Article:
On this page we want to share both resources and ideas to stimulate your own thinking about history in your primary curriculum.
Key Concepts that we thought about included:
- Chronology (including sequence and duration)
- Continuity and Change
- Cause and Consequence
- Similarity and difference.
To help you to think about these and other aspects of the History National Curriculum, we have created this ‘History Key Words’ list. We think that this will help both your teachers and pupils think carefully about history’s key concepts. All relate to subject specific terms that are used throughout the National Curriculum document. It can be used alongside the document. We have created a highlighted history national curriculum document here that shows the words that we explained.
Please see the summary that we share on the ‘concept led curriculum making’ page of this blog to explain why we feel that a concept led curriculum helps children to ‘think historically’ so that they can use their historical understanding to be more informed about their world.
Stimulus Materials that we used.
When creating our materials we found some of the ideas shared on the School History Project’s Primary Hub to be excellent.
In particular we valued Ian Dawson’s thinking on ‘why is historical enquiry important‘ and his ‘brief introduction to developing chronological understanding‘. We also liked his ‘human timeline‘ idea and have developed this for the 2014 curriculum – see our resource below.
We also learned a lot from Ann Moore’s ‘historical questions about pictures‘ and would recommend this to you.
We found James Bryon’s ideas about planning for the 2014 curriculum and his example enquiries and planning principles to be really helpful too.
Building on the time-line idea, we have created a teacher timeline that covers the historical periods in chronological order that appear in the History National Curriculum. We think that this will be of great value to your teachers – it will help develop their own historical understanding. Dates and background information are shared in a quick and easy format. we very much hope that this is extra-ordinarily valuable to you all.
We have also developed a school or class timeline for the History NC. Ideas for how this valuable resource could be used include:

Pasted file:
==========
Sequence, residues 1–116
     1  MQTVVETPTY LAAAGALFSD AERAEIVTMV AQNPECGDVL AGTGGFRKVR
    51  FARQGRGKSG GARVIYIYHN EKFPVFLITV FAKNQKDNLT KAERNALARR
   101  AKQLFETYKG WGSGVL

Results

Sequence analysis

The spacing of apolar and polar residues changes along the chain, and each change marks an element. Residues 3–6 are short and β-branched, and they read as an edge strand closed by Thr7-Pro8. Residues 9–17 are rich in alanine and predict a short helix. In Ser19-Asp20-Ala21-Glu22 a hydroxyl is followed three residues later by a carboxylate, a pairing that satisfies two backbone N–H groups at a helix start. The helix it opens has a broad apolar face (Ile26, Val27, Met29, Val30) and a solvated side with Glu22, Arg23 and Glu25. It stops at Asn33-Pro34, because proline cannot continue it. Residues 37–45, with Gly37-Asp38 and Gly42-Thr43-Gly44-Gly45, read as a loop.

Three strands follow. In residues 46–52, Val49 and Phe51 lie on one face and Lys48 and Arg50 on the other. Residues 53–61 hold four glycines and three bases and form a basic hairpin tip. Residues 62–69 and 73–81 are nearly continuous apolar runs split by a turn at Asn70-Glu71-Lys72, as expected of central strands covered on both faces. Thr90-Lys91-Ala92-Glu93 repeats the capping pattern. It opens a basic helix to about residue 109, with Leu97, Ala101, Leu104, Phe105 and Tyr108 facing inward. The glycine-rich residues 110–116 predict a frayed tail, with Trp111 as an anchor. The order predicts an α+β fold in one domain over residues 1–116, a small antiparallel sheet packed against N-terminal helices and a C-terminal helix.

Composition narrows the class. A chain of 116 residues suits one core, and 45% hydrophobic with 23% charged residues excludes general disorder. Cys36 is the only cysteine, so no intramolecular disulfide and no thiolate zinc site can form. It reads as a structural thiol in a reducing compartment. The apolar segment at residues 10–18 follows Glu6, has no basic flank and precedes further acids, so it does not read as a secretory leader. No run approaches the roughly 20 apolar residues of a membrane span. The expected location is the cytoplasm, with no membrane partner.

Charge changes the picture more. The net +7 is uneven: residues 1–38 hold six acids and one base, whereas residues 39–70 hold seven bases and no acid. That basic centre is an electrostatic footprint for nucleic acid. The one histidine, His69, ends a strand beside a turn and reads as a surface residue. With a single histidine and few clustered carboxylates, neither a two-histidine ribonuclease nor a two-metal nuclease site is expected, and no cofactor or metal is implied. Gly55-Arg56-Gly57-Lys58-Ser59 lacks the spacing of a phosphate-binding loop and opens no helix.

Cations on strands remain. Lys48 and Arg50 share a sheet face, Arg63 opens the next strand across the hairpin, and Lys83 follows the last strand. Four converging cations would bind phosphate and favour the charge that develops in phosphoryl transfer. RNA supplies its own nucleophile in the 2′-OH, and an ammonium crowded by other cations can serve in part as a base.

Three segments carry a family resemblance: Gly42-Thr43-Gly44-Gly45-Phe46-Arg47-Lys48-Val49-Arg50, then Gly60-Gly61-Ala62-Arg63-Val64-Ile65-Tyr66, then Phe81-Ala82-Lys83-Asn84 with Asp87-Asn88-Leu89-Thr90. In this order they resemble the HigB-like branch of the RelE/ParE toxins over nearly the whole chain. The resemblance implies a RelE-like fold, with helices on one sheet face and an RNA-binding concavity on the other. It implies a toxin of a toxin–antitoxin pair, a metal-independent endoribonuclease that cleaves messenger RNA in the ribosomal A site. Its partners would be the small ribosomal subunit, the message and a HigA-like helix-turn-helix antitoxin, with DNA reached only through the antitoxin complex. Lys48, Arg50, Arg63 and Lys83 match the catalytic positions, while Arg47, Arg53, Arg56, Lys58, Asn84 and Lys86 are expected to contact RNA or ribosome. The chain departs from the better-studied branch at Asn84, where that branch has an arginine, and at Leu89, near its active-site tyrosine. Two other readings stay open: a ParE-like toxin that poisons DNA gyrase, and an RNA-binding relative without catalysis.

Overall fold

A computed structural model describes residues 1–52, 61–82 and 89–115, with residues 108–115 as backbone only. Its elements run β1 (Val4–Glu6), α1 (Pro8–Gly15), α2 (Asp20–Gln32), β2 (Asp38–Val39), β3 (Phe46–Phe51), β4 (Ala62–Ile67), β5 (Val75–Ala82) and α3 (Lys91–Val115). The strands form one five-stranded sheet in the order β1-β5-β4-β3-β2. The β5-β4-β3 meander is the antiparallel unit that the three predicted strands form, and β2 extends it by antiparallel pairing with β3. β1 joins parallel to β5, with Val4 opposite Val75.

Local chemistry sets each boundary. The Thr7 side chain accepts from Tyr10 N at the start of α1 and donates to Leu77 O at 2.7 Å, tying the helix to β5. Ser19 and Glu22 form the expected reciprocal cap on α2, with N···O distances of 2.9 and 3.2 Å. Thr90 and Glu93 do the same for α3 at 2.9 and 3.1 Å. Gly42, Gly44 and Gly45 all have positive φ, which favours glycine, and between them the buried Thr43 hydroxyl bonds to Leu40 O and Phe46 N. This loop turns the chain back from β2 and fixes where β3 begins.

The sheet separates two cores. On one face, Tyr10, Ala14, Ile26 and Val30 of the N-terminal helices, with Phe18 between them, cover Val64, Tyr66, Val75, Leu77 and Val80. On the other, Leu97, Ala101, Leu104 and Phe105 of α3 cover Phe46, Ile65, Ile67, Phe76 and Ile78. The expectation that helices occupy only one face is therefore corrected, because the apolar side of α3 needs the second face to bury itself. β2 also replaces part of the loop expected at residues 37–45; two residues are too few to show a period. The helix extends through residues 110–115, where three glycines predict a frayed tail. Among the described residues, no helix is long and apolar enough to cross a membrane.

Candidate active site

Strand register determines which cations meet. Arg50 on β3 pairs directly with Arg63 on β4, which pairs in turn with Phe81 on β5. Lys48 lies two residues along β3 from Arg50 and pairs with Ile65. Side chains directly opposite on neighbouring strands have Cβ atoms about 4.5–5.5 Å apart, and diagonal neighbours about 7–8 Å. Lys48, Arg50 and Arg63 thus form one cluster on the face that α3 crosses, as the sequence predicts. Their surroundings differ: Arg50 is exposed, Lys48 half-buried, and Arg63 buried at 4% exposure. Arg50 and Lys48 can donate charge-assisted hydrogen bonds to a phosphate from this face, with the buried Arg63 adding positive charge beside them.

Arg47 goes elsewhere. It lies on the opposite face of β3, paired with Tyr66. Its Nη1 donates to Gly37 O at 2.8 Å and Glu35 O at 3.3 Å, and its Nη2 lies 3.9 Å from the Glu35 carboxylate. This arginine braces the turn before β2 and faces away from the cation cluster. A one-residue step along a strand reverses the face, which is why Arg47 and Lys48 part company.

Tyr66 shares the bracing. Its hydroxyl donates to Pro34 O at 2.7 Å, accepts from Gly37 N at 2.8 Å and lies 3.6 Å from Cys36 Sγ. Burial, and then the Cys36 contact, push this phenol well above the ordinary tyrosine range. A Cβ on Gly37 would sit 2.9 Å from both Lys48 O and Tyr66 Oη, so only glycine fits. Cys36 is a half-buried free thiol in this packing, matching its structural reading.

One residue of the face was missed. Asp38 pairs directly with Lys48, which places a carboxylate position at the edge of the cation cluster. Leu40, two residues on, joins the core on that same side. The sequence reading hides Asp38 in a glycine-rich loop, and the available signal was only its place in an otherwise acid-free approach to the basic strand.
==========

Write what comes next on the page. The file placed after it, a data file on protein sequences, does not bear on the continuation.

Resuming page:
- It could be printed off as one long timeline or broken down into the different eras (different colour card could be used to represent each era).
- Pupils could add on their own cards when they have researched and studied a particular topic. This would add greater breadth and depth to the timeline.
- Pupils could also draw pictures on the cards to show a pictorial representation of each event.
- Pupils could also be given a card as homework to research and present more detail on their event to the class. (A further challenge would be for them to offer an explanation as to why their event was significant.)
We also found the National Curriculum Purpose of stuy and Aims statements to be of significant value for curriculum making, but perhaps a little challenging for a non-specialist historian to access, so here’s our version of the aims. We think that this could be a useful discussion document to use in your school to clarify the role and purpose of the historical activities that you engage your pupils in.
The other aspect of the History National Curriculum that we grappled with was the focus on significant historical figures. We have to confess that for some of us, our background knowledge on these key figures was a little rusty! So we would like to offer this summary of background information on key historical figures to help develop your own knowledge. We hope that you found it to be as helpful as we did.
Over to you
We very much hope that the materials above help you to create a history curriculum that is engaging and purposeful for your children in your setting, and at the same time we very much hope that the materials help to give your teachers in your school a confidence about what quality learning in history might look like. Please just use the ‘reply ‘ facility on this page if you would like to share any thoughts or resources with us. Enjoy your curriculum making!